Like the visceral, often alien-esque sonic elements that writhe and flicker through his densely textured productions, Venezualan electronic producer Alejandro Ghersi’s creative muse seems to be constantly, almost restlessly shifting in new directions with each new release he drops. While his preceding 2015 as Arca ‘Mutant’ saw his productions becoming more abstracted and abrasive, their distorted forms mirroring the mutation-centric cover art, this third self-titled album sees Ghersi moving in a new direction entirely, resulting in what’s easily his most intimate and personal collection to date. Indeed, the thirteen tracks collected here see Ghersi placing his own singing voice at the forefront of his tracks for the first time, something that was apparently the result of encouragement by collaborator Bjork after she heard him singing impromptu in the car.
After hearing his stunning vocal abilities here, his alternately angelic and operatic Spanish vocals soaring and dancing against often cinematic and orchestral-tinged electronic backings, it seems astounding to think that he needed a push to showcase what’s perhaps his biggest weapon here. ‘Piel’ opens this album with Ghersi’s sweetly hummed wordless vocals, before they shift into his native Spanish against droning harmonics, his ghostly melancholic tones draping themselves over swelling orchestral elements and ominous bass pads, the entire track feeling like some ambient threnody more than anything else as it builds to a magnificent conclusion. ‘Urchin’ sees detuned synth sweeps reaching out into the distance against vast crunching rhythms and bursts of industrial noise, before sub-aquatic sounding piano notes suddenly appear out of the murk, building into spiralling arrangements as Ghersi’s wordless phased harmonies soar high above the contorted machinery.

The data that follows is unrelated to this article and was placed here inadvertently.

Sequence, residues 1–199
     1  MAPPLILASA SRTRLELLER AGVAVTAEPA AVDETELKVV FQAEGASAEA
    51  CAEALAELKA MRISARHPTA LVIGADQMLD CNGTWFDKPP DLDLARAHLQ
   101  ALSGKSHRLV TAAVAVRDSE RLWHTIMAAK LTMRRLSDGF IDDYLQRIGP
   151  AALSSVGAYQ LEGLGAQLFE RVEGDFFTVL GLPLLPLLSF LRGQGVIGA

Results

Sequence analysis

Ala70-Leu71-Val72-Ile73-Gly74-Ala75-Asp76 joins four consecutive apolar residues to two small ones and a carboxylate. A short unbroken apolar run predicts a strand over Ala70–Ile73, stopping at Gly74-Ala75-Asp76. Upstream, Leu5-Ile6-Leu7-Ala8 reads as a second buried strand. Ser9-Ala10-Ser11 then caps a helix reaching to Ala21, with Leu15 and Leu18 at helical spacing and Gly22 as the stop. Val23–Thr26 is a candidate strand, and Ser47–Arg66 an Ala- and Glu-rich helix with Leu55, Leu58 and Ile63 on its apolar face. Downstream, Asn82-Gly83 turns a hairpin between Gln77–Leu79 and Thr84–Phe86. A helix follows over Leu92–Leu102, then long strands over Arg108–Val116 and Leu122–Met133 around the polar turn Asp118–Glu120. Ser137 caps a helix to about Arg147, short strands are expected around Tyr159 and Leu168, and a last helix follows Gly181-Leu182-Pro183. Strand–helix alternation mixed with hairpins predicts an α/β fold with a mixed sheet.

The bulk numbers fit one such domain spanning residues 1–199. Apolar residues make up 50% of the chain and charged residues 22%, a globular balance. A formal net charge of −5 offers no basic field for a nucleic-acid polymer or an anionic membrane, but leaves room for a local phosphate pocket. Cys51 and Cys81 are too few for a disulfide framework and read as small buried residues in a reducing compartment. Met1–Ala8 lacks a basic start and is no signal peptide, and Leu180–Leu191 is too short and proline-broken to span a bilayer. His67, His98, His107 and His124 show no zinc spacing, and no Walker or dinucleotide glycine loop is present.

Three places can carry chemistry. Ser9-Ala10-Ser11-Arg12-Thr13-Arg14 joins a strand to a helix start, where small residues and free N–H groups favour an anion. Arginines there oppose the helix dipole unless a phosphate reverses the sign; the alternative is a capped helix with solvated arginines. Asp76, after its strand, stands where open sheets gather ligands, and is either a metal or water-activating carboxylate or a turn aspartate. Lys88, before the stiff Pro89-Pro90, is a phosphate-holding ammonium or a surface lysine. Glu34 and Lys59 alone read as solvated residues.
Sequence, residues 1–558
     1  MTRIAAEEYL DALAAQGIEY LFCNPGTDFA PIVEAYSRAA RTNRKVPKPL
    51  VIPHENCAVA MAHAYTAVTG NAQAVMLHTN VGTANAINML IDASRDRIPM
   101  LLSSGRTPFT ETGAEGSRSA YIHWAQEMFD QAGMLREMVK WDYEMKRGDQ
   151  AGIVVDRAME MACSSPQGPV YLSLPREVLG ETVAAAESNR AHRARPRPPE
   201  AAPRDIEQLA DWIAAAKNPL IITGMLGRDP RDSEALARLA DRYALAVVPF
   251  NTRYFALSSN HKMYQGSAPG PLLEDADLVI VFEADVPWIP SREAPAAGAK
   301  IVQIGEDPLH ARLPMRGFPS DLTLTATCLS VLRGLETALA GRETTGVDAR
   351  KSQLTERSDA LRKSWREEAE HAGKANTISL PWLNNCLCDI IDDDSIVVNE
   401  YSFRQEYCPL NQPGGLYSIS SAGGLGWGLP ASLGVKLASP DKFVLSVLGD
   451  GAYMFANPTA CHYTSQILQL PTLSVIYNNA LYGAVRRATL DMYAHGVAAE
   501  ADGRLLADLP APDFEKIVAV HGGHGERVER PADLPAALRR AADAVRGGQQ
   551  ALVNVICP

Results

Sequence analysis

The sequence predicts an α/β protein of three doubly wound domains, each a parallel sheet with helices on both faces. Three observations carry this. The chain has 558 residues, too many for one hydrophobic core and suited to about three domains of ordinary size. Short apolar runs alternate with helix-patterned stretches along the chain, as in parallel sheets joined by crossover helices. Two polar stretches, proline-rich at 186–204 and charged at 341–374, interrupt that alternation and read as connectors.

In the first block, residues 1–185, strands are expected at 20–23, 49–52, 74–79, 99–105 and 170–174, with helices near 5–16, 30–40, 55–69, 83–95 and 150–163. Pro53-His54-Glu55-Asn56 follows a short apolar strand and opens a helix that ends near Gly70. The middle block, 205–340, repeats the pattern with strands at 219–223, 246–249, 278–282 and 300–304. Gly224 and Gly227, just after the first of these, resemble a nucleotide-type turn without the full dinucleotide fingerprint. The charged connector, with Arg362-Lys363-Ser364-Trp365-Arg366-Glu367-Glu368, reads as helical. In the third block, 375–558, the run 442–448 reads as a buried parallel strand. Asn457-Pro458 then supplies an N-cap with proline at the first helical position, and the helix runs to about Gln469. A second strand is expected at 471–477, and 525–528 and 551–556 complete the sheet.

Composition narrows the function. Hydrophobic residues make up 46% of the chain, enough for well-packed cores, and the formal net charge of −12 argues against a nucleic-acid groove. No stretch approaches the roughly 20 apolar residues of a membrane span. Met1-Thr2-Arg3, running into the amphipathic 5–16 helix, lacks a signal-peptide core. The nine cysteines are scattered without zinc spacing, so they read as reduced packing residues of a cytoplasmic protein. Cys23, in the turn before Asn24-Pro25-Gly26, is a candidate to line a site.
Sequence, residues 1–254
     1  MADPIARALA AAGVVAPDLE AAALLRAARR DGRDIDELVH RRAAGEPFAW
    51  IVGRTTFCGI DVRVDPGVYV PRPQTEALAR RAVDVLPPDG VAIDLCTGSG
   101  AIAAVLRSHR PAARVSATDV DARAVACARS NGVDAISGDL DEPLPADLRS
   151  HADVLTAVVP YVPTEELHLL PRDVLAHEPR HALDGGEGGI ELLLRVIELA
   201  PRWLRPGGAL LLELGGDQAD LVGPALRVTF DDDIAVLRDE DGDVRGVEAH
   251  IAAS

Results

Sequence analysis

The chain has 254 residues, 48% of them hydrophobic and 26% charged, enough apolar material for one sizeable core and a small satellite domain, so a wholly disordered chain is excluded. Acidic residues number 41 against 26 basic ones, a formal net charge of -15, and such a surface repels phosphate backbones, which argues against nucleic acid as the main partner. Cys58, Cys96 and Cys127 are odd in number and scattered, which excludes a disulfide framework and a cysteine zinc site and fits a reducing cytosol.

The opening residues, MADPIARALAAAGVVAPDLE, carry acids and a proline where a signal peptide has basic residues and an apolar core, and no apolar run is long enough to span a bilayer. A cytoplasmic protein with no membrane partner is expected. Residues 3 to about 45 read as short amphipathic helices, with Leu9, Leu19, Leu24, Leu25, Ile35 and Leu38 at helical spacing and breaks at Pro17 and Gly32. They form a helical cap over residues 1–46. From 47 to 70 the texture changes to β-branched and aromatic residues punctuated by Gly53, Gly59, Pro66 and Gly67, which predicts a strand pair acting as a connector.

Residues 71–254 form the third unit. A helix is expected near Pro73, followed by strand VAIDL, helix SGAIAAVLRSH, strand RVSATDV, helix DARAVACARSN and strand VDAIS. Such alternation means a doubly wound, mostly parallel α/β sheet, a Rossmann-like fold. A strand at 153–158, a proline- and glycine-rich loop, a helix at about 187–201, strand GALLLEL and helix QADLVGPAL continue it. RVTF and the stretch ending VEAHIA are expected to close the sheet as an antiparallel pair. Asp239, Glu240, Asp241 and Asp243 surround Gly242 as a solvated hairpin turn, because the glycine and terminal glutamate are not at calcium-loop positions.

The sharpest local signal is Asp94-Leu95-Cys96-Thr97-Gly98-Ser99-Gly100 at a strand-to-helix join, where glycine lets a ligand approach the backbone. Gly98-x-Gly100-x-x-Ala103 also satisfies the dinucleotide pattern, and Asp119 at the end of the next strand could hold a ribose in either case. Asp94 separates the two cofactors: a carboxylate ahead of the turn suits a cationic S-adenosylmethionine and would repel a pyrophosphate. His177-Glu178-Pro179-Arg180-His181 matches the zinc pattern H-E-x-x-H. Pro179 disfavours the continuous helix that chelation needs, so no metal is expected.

Elsewhere, ‘Sin Rumbo’ reprises its appearance on his preceding ‘Entranas’ mixtape, offering up what’s easily one of the most operatic vocal performances from Ghersi here as his lower register glides ghostlike against glacial phased notes and sudden lurching rhythmic tics, soaring up into dizzying heights as what sound like drastically treated guitar plucks float up from the depths. ‘Whip’ offers up what’s perhaps a brief moment of dark humour here as the sampled sound of a whip being cracked gets cut-up and edited all over the stereo spectrum as plunging bass drops and steely percussive tones wind the menace up a few notches, before ‘Desafio’ offers up a sidestep into brighter pop territory, the brooding bass drops and brightly stuttering synth melodies calling to mind the likes of Depeche Mode more than anything else as Ghersi’s multi-layered harmonies reach towards the stratosphere. As far as a third act, this latest self-titled album from Arca is simply jaw-dropping. I can’t wait to see what he does next – it could be anything, based on this latest stunning effort.